Friday, February 17, 2017

Things Gone and Those to Come


2016 was a year of considerable change for my family and I. Above all else, it was the year in which we finally ended our time in the Midwest and made our return to Colorado. This move had always been the 5-year plan for us, but it took us by surprise when we realized that we had actually achieved what we set out to do. Perhaps more unbelievable is the realization that the end of this month makes it 1 year since the move. The process has been somewhat jarring and it has been a whirlwind of a year. And so as our first year in Denver comes to a close, our focus turns from ‘getting here’ to really setting up a life here.

That’s to give you an idea of where my mind is but in reality, 2016 was a fairly productive year in terms of hobby. The year saw me paint more models than I have in a number of years  and while painting for me has always been a slow process, I’ve grown as an artist and I am constantly looking for new ways to improve. On the terrain end of my hobby, I’m continuing to create high quality terrain and maintain my ‘no compromises’ approach. But that’s enough ranting. Over the next few posts, I’m going to be catching up with the things I’ve been working on and then back to normal….or as close to normal as it gets these days.  

Visions of Confluence

As the larger structures and character of my Malifaux terrain project develop, I am constantly looking for ways to make the tables feel more real. Some time ago I had a chance to set up a full table and it gave me a chance to stand back, be impressed with the work I’ve done so far and evaluate what was missing.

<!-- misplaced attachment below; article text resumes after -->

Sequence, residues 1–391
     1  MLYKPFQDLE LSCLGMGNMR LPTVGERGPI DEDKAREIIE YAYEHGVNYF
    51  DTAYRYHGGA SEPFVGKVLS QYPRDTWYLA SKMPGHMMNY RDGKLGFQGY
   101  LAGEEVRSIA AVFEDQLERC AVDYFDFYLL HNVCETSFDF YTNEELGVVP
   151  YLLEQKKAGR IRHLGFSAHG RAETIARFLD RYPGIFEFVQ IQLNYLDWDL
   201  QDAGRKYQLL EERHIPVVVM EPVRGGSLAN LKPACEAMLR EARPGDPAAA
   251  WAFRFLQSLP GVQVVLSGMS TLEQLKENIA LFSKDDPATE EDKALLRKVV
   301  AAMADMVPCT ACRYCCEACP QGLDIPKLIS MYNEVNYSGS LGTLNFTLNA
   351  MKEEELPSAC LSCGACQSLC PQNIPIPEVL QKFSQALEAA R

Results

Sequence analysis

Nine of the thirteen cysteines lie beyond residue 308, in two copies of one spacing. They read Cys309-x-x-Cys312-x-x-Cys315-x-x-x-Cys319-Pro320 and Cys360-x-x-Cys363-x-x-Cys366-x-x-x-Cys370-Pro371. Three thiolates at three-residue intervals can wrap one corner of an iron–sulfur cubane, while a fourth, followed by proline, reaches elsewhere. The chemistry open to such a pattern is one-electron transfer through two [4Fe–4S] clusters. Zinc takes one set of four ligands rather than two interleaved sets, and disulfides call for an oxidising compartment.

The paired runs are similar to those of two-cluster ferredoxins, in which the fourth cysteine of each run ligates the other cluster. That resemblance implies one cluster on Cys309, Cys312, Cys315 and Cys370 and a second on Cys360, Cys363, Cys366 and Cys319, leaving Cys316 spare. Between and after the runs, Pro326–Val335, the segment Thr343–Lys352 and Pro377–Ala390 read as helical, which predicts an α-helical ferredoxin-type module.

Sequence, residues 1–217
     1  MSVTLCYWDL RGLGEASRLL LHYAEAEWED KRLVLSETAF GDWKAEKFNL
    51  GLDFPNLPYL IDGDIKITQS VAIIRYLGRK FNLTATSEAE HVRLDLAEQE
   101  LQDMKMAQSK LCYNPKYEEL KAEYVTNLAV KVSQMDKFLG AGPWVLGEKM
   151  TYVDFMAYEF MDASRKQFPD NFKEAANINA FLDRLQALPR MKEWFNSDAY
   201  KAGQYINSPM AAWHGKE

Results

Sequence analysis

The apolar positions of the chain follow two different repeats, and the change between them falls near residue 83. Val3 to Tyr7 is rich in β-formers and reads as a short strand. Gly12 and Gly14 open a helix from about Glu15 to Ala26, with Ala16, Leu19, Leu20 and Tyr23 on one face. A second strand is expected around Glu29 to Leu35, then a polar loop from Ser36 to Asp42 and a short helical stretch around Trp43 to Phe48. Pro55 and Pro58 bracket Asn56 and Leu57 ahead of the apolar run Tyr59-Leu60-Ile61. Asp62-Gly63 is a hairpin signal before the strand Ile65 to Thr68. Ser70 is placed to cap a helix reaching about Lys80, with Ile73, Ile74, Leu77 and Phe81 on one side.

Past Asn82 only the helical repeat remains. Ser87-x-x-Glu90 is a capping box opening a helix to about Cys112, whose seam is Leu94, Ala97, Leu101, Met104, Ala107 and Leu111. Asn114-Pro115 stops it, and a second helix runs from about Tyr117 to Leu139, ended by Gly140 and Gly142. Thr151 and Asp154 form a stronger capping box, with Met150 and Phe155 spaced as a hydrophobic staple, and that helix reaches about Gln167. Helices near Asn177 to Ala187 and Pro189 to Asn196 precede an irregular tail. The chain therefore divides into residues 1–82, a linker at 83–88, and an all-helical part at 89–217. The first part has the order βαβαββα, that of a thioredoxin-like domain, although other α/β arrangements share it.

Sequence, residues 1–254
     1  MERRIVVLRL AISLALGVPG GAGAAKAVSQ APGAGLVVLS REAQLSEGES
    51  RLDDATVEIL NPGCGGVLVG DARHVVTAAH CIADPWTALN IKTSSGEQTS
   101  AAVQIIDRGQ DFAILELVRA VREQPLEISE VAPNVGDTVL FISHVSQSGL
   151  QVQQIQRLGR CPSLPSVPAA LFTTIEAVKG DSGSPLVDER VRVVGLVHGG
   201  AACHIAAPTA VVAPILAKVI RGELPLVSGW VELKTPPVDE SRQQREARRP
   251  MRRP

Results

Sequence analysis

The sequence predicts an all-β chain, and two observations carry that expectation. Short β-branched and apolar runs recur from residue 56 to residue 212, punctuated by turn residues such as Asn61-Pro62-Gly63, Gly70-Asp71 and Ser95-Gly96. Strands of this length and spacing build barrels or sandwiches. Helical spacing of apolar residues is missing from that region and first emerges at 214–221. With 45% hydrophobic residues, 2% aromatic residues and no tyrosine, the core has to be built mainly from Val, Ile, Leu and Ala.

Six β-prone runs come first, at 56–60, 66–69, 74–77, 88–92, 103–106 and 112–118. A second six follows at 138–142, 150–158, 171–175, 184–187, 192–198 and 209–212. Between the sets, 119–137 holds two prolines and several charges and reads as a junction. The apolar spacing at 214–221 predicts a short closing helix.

While this is certainly a dense table, it was definitely missing something. The first add was the cacti I’ve talked about in a previous post. While they add a great deal of character to the table, they also change gameplay, as they are typically to be considered dangerous terrain. What I needed was something to make the world look a bit more alive, so I went back to my reference photos and found the answer.

In the reference pic, you can see these tall grasses and bushes and shrubs that liter the ground between structures. As many of the buildings on the table are little more than hovels, they have simply been built into the surrounding world, leaving only fragments of the once lush woods behind.

The ground cover started as several plastic-card base. In the end, these bases ended up being something of a hybrid of the cacti and my woods, built up with small stones and drywall compound. (My only warning with this process is that you need to be careful about making oblong shapes as they can bend slightly as the compound and eventually the glue, dries). As before, the initial texture was a fine sand mix, followed by increasingly larger pebbles to form a natural look. I then went back to some areas with a super fine dust to give the appearance of baked and wind-whipped dirt.

Once dry and primed black, it was time to paint. I have to admit I’ve been struggling with the paint scheme for the dirt around Confluence. With the rock outcroppings, I had a pretty decent orangey earth look going, which became more red when I worked on the woods. This was carried over to the cacti, but for the other ground cover, I wanted to head more towards a rich brown mix. I don’t think I’ve got it just yet, but I’m in orbit. 

Finally I began to add the life itself, first in patches of static grass, then in some small broken logs and twigs to litter the ground. Some patches of taller grass and a flower here and there added some color and then I finally dropped the larger shrubs and small trees. If you haven’t already tried them, I highly recommend Shadow’s Edge Miniatures for their grasses and flowers. I’ve used several and these have been the best so far.